Choose “standard robot that works on a single standard machine”.

Assign the robot to the machine created previously.

Set a “Name”, and fill in the actual Windows login for the target machine (where the UiPath Robot is installed) under Domain\Username and Password.

Step 7: Add Robot to Environment

Next, we’ll need to add the created Robot to the Environment. Select the Environments tab at the top of the Robots menu and select the Manage option.

Select the previously created robot and click UPDATE.

At this point, the robot should be successfully connected to the machine. Check the UiPath Robot Orchestrator Settings and the status should show “Connected, licensed

Step 8: Start a Job

Now that the robot is deployed, it’s time to start a job to test it.

Under Jobs, click on the Play icon on the top right.

Select the pre-existing Demo Process and the previously robot, then click on Start.

In the UiPath Robot, it will show “Installing package…”. Once the package has been installed, it will show “Job started processing” which means the process has started. In this demo process, a Hello popup dialog will appear.

The robot has successfully started the job. You can monitor the robots and jobs in the Monitoring menu in the UiPath Orchestrator.

Step 9: Prepare for UiPath Integration

In June 2019, UiPath introduced a new mechanism for consuming its Cloud APIs. There are a number of steps required to retrieve some required information for integration:

1. Get Access and ID Tokens

1.1 Generate Code Challenge and Code Verifier

In a web browser, visit and run the following code:

function base64URLEncode(str) {
  return str.toString('base64')
    .replace(/\+/g, '-')
    .replace(/\//g, '_')
    .replace(/=/g, '');
function sha256(buffer) {
  return crypto.createHash('sha256').update(buffer).digest();
console.log("Generating challenge and Verifier");
var cryptoResult = crypto.randomBytes(32);
var verifier = base64URLEncode(cryptoResult);
var challenge = base64URLEncode(sha256(verifier));
console.log("Code challenge: " + challenge)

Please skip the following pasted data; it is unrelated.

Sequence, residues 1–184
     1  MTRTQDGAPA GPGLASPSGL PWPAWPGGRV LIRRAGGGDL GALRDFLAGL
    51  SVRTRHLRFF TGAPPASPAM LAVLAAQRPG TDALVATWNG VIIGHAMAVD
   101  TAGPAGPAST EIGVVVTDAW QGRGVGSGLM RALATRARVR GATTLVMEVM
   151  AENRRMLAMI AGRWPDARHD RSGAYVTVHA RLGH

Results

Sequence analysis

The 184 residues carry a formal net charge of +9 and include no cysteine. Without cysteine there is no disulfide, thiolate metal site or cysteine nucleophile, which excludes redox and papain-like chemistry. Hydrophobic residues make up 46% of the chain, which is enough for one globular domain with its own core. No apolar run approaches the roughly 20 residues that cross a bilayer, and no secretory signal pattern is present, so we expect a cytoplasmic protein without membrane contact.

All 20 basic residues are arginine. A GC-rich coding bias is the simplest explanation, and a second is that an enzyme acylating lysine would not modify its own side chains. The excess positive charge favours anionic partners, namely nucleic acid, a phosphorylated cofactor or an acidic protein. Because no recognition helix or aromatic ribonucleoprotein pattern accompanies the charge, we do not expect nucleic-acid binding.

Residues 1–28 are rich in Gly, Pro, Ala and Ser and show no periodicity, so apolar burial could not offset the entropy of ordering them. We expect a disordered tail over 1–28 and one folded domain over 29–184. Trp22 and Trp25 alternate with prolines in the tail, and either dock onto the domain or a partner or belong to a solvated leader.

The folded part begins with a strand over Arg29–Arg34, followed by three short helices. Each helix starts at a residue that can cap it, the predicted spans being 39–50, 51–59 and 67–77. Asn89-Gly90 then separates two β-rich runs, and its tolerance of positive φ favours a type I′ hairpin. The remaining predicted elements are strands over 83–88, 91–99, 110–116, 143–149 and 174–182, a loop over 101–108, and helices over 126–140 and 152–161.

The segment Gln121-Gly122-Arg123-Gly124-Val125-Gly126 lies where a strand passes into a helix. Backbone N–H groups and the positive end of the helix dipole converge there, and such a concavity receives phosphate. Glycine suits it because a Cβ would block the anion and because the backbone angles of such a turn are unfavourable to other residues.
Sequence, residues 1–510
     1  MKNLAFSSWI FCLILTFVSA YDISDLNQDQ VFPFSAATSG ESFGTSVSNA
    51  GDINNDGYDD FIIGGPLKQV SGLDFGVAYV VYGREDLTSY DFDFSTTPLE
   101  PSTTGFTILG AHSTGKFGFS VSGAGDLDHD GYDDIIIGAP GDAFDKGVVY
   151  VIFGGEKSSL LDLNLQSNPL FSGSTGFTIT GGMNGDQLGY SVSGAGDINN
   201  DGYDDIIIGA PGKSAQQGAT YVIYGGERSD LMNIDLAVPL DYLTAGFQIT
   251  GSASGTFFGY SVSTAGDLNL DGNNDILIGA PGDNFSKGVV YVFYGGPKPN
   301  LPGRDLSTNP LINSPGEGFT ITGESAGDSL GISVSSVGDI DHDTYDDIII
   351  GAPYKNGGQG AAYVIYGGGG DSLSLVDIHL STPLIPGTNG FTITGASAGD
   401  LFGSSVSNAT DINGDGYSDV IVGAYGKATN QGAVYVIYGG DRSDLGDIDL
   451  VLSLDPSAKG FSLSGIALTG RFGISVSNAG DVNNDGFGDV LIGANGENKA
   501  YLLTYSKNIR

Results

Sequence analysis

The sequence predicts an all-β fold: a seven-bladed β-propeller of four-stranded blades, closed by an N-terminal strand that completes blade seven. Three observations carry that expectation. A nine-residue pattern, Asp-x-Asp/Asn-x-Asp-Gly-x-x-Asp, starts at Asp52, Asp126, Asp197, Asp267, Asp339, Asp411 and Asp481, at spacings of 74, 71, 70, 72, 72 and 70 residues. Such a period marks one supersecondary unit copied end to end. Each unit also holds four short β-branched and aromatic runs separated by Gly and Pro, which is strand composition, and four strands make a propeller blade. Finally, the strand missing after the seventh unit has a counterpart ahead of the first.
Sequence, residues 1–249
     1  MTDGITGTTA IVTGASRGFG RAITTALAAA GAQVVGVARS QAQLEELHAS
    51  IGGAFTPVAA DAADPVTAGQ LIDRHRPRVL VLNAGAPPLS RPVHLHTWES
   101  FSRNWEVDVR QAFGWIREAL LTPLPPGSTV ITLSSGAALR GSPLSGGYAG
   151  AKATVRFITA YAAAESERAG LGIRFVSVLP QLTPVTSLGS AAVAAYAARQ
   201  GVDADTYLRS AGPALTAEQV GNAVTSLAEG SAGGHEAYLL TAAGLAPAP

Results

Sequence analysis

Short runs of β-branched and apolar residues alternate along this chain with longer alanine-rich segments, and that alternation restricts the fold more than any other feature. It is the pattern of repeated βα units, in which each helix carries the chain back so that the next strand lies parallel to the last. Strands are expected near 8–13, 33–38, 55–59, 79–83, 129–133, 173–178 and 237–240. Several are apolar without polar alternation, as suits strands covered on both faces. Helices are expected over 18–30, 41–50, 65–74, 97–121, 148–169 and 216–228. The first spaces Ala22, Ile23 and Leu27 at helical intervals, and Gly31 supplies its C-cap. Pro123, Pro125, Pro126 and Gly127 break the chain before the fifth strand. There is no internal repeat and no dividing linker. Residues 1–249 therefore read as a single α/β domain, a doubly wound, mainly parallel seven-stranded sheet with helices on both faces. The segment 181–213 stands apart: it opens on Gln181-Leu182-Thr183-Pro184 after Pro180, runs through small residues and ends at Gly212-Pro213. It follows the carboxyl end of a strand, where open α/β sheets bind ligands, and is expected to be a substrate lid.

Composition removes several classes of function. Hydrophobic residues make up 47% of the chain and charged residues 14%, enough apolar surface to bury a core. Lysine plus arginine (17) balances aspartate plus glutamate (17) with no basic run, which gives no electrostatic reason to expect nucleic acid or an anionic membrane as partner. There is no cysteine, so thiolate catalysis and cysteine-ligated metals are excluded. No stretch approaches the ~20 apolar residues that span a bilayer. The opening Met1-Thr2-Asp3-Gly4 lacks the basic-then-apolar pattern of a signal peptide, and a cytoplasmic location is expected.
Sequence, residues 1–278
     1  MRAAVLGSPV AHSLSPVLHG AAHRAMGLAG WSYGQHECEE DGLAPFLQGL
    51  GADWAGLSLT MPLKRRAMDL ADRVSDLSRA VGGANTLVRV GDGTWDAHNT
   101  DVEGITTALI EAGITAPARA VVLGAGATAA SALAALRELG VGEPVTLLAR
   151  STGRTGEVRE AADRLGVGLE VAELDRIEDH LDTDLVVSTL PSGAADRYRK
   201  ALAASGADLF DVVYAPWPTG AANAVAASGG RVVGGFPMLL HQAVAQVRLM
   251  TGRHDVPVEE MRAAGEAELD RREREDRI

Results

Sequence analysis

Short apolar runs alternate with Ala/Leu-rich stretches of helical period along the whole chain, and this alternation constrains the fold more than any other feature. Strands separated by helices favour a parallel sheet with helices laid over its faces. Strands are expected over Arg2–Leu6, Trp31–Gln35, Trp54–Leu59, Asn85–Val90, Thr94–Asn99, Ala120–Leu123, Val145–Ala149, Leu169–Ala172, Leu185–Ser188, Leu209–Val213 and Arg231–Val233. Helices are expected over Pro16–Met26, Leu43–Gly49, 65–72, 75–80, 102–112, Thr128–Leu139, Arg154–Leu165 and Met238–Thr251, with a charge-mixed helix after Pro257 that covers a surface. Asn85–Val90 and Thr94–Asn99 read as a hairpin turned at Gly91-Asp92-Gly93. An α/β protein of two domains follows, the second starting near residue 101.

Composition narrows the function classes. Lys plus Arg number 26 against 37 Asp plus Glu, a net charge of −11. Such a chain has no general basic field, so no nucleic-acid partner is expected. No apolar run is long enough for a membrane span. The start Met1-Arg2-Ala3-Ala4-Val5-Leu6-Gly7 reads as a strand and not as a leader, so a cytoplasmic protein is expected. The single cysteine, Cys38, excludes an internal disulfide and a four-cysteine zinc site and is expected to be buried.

console.log("Code verifier: " + verifier);

Take note of the code challenge and code verifier values in the output e.g.
Generating challenge and Verifier
Code challenge: RzYlHiiGzPGgOLaRQJYftZ1mmc3sCbeicZVRftTmC-A
Code verifier: YVMnLczXQgJ9dwzV7MlMWEjGyAia4nXvTZzU4UVrAPE

1.2 Get Authorization Code

Replace the code challenge into the URL below, and visit the updated URL in a browser.[code_challenge]&code_challenge_method=S256&scope=openid+profile+offline_access+email &

The browser should redirect to[authorization_code]&state=47441df4d0f0a89da08d43b6dfdc4be2

Copy the authorization_code in the URL.

1.3 Get Refresh Token

Using any API testing tool (e.g. Postman), submit a POST request to with the body below, replacing the values for [authorization_code] and [code_verifier] accordingly.

    "grant_type": "authorization_code",
    "code": "[authorization_code]",
    "redirect_uri": "",
    "code_verifier": "[code_verifier]",
    "client_id": "5v7PmPJL6FOGu6RB8I1Y4adLBhIwovQN"
Copy the value of the refresh_token from the response:

    "access_token": "eyJ0eX...",
    "refresh_token": "CBZcOD6vrP2FQ9qa8fuqDdfoEwnVPuR2Kp...",
    "id_token": "eyJ0eX...",
    "scope": "openid profile email offline_access",
    "expires_in": 86400,
    "token_type": "Bearer"

1.4 Get Access Token and ID using the Refresh Token

Using any API testing tool, submit a POST request to with the body below, replacing the values for [refresh_token] accordingly.

    "grant_type": "refresh_token",
    "client_id": "5v7PmPJL6FOGu6RB8I1Y4adLBhIwovQN",
    "refresh_token": "CBZcOD6vrP2FQ9qa8fuqDdfoEwnVPuR2Kpz-hitbTAIzG"
Copy the values for access_token and id_token from the response.

    "access_token": "eyJ0eX...",
    "id_token": "eyJ0eX...",
    "scope": "openid profile email offline_access",
    "expires_in": 86400,
    "token_type": "Bearer"

2. Get UiPath Account, Service and Process Identifiers

2.1 Get the Account Logical Name

Using any API testing tool, submit a GET request to
Authorization: Bearer [id_token]
Copy the value for accountLogicalName from the response:
    "userEmail": "",